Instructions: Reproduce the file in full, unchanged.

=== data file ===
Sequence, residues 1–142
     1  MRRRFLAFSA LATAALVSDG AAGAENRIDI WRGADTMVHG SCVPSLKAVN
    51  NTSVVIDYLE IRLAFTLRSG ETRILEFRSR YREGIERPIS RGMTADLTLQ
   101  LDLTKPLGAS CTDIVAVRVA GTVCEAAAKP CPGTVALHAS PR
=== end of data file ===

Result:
Sequence, residues 1–142
     1  MRRRFLAFSA LATAALVSDG AAGAENRIDI WRGADTMVHG SCVPSLKAVN
    51  NTSVVIDYLE IRLAFTLRSG ETRILEFRSR YREGIERPIS RGMTADLTLQ
   101  LDLTKPLGAS CTDIVAVRVA GTVCEAAAKP CPGTVALHAS PR